“Jazz, I have to go, I’ll call you later.” As I ended the call my mind was already in overdrive trying to replay our conversation. He would have been able to hear my end for sure, but I couldn’t remember if I had said anything incriminating. “You were pissing behind the van, you dirty bastard.”

“You was in the toilet.”

“You could have waited, I was five fucking minutes!” I rarely lost my temper, and never twice in one day, but that day was proving to be an exception and I was annoyed to think that I could have outed myself to him because of his disgusting habits. He didn’t say anything, but that didn’t mean he hadn’t overheard me.

‘I’ll be glad when this day’s over’.

- 5 pm -

It was already dark after a cold and dreary day and as I walked to the front gate to collect our parcel from the courier, it started to rain again.

“There’s gonna be storms later,” mumbled the courier from beneath his crash helmet and I wondered what it would be like at four o’clock in the morning. Whatever the weather; the church was always packed to the rafters.

There was a man standing on the pavement in a waterproof jacket, he was watching us and he walked over as I signed for the parcel.

“Alright, mate. Is Tyrone Spencer staying here?” I was tempted to blow the whistle on the little runt, but I remembered what the security guard had told us and I needed to get home.

“No mate,” I replied as I shut the gate.

“We were told that he was here.” I shook my head as another man approached from the side lifted a camera and took my picture.

“Who are you?” he asked and there was another bright flash in front of my face from his camera.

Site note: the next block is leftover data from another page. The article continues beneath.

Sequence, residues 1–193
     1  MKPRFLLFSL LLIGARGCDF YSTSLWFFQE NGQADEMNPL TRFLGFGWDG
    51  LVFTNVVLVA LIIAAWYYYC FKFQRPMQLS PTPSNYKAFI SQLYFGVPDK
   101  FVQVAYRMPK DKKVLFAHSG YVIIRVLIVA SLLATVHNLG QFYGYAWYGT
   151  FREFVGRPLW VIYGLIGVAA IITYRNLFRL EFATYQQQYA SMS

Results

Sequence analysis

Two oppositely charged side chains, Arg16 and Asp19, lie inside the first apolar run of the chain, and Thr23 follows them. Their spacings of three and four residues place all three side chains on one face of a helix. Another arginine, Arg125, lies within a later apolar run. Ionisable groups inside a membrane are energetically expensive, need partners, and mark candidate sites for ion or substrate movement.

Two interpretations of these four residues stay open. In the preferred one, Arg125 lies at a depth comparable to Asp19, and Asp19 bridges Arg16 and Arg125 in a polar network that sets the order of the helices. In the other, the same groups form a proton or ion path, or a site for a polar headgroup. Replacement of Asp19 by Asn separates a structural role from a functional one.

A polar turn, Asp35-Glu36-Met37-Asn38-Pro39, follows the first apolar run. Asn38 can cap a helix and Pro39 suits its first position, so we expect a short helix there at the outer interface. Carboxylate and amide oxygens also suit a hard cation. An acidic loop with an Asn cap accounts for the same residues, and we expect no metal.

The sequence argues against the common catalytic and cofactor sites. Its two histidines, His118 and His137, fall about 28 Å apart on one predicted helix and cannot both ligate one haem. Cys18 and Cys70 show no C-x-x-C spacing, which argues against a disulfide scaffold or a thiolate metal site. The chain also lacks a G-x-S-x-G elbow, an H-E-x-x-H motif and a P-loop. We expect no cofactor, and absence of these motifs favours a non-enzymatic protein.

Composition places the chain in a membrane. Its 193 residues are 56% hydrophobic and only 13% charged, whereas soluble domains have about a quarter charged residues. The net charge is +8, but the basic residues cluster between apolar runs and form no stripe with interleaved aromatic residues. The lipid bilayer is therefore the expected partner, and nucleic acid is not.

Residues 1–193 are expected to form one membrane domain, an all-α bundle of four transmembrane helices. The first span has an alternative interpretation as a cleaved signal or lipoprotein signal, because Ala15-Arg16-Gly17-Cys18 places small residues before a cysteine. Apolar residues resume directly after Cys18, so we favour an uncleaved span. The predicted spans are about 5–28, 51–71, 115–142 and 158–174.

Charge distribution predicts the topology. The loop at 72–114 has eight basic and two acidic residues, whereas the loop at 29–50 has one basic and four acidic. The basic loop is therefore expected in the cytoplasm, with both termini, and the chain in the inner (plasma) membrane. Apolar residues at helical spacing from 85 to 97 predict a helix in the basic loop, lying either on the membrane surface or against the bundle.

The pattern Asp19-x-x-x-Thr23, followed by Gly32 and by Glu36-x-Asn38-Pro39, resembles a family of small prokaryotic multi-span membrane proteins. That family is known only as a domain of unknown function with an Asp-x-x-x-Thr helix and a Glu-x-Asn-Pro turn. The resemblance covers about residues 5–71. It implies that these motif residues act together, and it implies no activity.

“He’s not here okay, you’re wasting your time.” I locked the gate and hurried down the driveway to get out of the rain. It was my first experience of the press but I couldn’t work out why he wanted to take my picture.

“They photograph everything and everyone,” said the South African when I reached the security office. “How many of them are out there?”

“One photographer and another guy.” He nodded and seemed satisfied with my answer.

“Maybe they’re just trying their luck; they don’t know anything, if word got out, they would be everywhere. I’ll let Mrs Dewsbury know anyway, she’s expecting you to be finished by six remember.”

“Tell her six-thirty,” I said. I would have to work quickly to keep to that schedule but I didn’t mind. I had other more important things riding on it.

When I walked through the living room, Tyrone was lying on the sofa next to an electric fan heater. He glared at me as I walked past. “Are you still here?” he said but I ignored him and carried on walking. “How long can it possibly take. You people are incompetent. I’m gonna complain to your boss.”

“Good!”

Admittedly, without the central heating, that big old house was starting to get cold and it was even worse where we were in the basement. Now that we had everything that we needed though, I knew that it wouldn’t take long, and I worked as fast as I could while Bob stood, watched, and bent my ears.